Perez v. Castlepoint Ins. Co. et al., 2018 N.Y. Slip Op 32668, 2018 WL 5283415 (NY Sup. Ct., Queens Co. October 19, 2018)
This litigation involved a first-party property insurance dispute in which the plaintiff-insureds claimed coverage for damages to their building caused by a fire on October 18, 2015. The insurer, Castlepoint, denied coverage because the application for insurance represented that the insured premises was a one-family dwelling, but when Castlepoint inspected the premises after the fire, it discovered that the premises was in fact a three-family dwelling, which was an unacceptable risk.
Castlepoint moved for summary judgment based on the application and the insureds’ admissions that the premises was not a one-family dwelling. Notably, plaintiff argued that he should not be responsible for the misrepresentation because his broker completed the application without his authority. The trial judge rejected this argument, holding that plaintiff “ratified the representation contained in the application by accepting the policy for a one-family home and permitting it to be renewed for years thereafter on the same terms.”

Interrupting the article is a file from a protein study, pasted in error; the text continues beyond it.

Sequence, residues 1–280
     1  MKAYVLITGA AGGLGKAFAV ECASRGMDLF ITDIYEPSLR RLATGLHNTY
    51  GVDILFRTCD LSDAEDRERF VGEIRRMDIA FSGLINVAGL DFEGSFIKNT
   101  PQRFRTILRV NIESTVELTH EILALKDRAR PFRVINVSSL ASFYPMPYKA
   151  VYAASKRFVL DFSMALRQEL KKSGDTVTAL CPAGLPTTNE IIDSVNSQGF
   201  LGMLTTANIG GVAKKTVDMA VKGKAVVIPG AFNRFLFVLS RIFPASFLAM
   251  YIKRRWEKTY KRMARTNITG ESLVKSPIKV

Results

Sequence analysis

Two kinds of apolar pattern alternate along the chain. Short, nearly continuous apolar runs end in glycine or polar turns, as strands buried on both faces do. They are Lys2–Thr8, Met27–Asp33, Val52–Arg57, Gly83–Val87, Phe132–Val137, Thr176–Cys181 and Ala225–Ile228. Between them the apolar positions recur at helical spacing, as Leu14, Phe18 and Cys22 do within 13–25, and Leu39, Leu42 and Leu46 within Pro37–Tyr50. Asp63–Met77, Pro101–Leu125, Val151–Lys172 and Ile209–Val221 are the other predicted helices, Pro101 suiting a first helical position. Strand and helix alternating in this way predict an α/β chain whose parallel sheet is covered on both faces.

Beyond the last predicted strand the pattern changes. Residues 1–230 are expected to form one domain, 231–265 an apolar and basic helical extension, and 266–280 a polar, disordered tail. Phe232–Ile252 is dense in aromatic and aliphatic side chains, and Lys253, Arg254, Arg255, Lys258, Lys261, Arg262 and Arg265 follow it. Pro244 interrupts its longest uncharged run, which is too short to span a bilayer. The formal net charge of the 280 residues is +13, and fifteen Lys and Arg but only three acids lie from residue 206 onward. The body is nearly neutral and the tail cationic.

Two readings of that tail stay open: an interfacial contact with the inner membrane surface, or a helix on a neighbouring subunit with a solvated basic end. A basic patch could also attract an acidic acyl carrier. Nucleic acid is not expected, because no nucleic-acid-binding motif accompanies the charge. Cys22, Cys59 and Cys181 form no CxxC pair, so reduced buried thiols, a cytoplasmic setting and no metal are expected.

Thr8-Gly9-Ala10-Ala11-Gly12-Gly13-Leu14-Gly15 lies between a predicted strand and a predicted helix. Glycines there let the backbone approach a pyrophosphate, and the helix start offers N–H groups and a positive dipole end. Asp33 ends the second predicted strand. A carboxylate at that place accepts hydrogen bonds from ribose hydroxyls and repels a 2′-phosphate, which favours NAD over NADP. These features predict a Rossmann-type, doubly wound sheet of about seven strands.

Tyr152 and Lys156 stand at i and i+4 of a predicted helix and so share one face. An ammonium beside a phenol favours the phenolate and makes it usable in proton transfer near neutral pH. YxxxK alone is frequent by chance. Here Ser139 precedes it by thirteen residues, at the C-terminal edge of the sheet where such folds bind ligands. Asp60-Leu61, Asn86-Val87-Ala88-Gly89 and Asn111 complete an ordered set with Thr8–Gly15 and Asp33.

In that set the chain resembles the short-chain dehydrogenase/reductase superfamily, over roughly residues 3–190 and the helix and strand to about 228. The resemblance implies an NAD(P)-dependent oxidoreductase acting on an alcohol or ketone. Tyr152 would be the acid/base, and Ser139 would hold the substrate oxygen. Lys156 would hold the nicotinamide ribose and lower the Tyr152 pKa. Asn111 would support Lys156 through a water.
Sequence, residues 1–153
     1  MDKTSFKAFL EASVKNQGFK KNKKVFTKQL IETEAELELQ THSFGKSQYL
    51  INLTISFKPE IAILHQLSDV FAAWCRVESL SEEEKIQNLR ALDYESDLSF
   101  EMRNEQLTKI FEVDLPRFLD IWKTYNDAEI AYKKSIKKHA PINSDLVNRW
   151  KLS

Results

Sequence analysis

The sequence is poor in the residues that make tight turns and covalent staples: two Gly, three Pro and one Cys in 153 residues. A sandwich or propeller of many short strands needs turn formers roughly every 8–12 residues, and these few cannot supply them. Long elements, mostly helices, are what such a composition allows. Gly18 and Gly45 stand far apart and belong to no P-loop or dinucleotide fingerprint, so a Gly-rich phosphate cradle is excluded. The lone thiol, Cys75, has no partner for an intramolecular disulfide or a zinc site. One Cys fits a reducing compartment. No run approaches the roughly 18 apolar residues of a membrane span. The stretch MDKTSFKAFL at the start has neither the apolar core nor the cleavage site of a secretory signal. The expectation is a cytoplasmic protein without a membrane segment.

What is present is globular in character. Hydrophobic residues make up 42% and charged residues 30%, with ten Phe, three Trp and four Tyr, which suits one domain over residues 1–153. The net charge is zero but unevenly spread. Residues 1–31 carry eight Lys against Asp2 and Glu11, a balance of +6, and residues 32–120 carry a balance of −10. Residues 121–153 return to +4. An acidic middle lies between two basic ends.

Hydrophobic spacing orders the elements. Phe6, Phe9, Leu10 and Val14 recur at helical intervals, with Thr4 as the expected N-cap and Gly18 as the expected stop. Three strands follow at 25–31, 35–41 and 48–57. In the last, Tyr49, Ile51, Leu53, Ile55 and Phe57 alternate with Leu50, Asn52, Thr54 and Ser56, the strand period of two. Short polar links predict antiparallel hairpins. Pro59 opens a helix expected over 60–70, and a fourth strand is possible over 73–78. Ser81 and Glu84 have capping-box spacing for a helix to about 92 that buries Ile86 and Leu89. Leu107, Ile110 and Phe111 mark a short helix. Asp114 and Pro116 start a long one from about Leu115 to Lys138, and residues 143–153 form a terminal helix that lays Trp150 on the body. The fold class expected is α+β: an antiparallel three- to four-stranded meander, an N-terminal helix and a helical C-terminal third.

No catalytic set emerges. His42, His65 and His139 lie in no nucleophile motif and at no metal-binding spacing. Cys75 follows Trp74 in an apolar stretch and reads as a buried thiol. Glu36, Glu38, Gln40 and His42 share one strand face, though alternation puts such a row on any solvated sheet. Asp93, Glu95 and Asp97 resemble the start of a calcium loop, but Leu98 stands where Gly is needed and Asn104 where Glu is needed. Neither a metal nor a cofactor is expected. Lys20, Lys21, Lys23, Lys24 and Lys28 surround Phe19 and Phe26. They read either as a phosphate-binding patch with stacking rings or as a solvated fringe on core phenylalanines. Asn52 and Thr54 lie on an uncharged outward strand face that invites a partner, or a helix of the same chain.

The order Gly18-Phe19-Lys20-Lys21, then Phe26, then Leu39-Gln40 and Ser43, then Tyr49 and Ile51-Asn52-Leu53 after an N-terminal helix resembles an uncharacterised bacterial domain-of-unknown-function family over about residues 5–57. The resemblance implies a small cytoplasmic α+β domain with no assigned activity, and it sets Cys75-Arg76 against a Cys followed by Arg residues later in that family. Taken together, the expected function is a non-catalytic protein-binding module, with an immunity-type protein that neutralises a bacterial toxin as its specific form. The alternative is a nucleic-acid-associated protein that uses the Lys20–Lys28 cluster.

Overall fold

This decision is relevant because there is only one other first-party property insurance decision in New York that has recognized the principal of ratifying a misrepresentation made by another party as the basis to void an insurance policy.
Castlepoint Insurance Co. was represented by partner Kevin F. Buckley.